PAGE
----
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Odd sayings and phrases

Updated on December 13, 2017

What did you just say?

There are certain ways of saying things that leave you wondering how the phrase came into being. They may sound familiar, but when you break things down, they're actually a little strange. So let's look at some odd sayings and phrases.....

Cute as a button. Personally, I don't find buttons that cute. Useful, yes, but cute? No. Nobody says " Cute as a zip fastener," yet that does a similar job, holding things together. One suggestion for the phrase is that it refers to button quails, little extra-fluffy birds. Now, they do sound cute.

Bright as a button. This seems a little less obscure, as there are plenty of shiny buttons available. Never seen one that glows in the dark, mind.

Pretty please. As opposed to ugly please?That probably wouldn't get you very far.

Thanks a bunch. A bunch of what? Bananas? If it's a bunch of thanks, how many are in a bunch?

Thanks a million. That's surely more than a bunch. Seems a little excessive. How about, thanks a dozen.

You're more than welcome. What does that mean? Hyper-mega welcome? Welcome and a half?

Bless her cotton socks.
Bless her cotton socks. | Source

Bless her cotton socks. Often said of someone who's cute as a button, or who has done something sweet, or elicits sympathy. Generally an " Aah!" moment.

Some people attribute the saying to a Bishop George Cotton in the 1800s, who encouraged donations of clothing, socks in particular, to children in India. He would bless the clothes before they were distributed. So, Cotton's socks were blessed.

Pretty as a picture. There are plenty of pictures that are not pretty.So how do you know if someone's being sarcastic when they say that? Maybe ask, " A picture of what, exactly?"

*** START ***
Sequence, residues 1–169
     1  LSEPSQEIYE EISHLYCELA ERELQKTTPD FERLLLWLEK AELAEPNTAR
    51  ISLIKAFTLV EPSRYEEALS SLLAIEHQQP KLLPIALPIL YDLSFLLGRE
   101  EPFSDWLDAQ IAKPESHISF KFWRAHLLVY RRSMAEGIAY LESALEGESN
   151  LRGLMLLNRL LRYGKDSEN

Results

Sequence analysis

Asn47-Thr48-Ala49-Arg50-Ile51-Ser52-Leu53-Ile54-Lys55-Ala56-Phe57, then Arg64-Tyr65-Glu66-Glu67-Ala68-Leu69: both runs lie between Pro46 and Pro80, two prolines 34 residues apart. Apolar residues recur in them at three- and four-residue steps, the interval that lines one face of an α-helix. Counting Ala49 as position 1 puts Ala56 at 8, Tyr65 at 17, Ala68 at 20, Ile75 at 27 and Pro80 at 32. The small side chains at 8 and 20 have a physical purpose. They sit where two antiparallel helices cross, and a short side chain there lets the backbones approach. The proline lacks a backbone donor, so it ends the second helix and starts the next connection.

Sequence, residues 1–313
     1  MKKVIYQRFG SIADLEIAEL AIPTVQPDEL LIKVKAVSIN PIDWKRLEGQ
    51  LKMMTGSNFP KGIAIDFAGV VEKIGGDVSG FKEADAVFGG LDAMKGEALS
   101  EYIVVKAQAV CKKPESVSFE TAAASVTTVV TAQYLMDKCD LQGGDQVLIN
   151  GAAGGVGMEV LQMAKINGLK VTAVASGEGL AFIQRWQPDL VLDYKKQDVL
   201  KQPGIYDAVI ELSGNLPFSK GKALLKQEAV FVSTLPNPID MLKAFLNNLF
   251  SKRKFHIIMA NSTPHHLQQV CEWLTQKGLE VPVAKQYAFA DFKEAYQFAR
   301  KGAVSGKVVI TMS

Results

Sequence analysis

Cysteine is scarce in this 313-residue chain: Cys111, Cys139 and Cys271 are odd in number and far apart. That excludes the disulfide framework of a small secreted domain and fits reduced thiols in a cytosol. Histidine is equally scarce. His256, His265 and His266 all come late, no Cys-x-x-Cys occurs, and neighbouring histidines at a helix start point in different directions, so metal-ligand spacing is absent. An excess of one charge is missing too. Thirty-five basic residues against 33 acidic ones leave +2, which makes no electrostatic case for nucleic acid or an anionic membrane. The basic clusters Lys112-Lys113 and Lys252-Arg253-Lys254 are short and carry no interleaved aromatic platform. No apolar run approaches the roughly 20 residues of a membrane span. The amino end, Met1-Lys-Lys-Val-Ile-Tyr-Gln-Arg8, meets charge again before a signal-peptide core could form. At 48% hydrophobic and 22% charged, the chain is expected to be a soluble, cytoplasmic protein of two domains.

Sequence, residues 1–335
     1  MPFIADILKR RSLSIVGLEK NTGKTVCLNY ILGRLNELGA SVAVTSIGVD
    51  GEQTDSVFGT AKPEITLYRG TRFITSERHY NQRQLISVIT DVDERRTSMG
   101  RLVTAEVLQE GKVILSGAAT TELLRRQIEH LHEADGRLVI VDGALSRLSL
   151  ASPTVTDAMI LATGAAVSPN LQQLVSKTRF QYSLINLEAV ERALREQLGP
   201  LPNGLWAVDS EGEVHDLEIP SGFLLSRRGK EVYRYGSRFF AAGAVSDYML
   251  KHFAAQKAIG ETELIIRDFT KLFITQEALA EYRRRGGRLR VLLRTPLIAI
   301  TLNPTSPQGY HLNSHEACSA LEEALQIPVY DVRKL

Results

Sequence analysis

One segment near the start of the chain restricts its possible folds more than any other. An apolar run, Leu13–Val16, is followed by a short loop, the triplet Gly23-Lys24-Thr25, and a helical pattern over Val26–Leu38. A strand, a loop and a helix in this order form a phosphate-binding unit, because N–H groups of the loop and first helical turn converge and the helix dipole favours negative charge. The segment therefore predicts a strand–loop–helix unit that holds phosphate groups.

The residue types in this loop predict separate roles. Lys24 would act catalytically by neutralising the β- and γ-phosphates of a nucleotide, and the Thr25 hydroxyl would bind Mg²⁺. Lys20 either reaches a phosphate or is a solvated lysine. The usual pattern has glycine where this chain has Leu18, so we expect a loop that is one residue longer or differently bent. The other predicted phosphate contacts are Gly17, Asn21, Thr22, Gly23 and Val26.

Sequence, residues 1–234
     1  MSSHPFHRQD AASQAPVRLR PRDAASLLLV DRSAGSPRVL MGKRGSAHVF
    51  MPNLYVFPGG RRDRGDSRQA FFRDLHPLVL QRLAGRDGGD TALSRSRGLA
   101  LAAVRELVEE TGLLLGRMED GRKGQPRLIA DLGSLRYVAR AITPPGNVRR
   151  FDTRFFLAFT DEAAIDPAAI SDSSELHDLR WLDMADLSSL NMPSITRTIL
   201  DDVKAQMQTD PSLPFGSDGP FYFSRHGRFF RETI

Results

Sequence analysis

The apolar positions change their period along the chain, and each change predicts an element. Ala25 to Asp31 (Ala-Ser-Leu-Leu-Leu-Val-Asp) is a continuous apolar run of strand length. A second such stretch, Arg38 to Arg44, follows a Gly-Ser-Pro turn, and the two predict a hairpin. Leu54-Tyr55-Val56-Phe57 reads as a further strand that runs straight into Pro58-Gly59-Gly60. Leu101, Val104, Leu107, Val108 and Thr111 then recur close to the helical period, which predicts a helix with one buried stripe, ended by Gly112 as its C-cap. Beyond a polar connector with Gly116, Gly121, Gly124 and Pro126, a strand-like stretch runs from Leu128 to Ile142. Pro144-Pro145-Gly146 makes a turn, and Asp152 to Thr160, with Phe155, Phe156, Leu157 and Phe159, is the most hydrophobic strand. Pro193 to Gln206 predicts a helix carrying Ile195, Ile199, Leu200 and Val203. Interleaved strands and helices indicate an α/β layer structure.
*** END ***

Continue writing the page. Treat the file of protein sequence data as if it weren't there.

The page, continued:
"He's got you over a barrel." As in, exactly where he wants you. This stems from days of old, tying a ne'er-do-well over a barrel so he couldn't move while being lashed. Ouchy.

Happy as Larry Larry must have been one happy guy. The man in question is thought to have been old-time Australian boxer, Larry Foley, who never lost a fight, and won plenty of money.

It'll all come out in the wash Meaning, things will work out in the end, truth will out. Perhaps a reference to coming clean, or returning things to their former state. Presumably not said by someone who put a red T-shirt in the white wash by mistake.

Sick as a parrot
Sick as a parrot | Source

Sick as a parrot Oddly this phrase doesn't refer to illness, but to being disappointed. It's possible origins are somewhat varied, including the rather unlikely referrence to smuggled parrots being given tequila to keep them quiet while passing border patrols. Imagine a parrot with a hangover - bless his cotton socks. Maybe he was disappointed not to get more tequila.

Many a mickle makes a muckle. The gist here is that little things add up to become something larger. The fault in this phrase is that mickle and muckle both mean " large amount."

You've put your foot in it. As in, made a boo-boo. If you put your foot in your mouth, that means you said the wrong thing. Don't worry too much, nobody will understand, you're speaking with your mouth full. It'll all come out in the wash.

The cat's whiskers. Also, the cat's pyjamas. This means, the bee's knees, or the dog's....never mind. Nearly put my foot in it.

The cat's whiskers.
The cat's whiskers. | Source

At the end of the day......

When all's said and done, hopefully these odd sayings and phrases will be clearer to you now. My thanks for reading. How many thanks? A mickle or a muckle.


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